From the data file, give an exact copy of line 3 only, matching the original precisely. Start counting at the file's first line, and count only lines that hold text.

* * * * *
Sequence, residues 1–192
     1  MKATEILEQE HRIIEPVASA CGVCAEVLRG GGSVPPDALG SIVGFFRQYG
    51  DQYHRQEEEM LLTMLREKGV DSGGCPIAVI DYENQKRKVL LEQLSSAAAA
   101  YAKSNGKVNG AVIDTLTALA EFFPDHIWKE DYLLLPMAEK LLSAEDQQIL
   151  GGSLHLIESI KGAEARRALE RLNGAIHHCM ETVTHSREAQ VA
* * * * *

    51  DQYHRQEEEM LLTMLREKGV DSGGCPIAVI DYENQKRKVL LEQLSSAAAA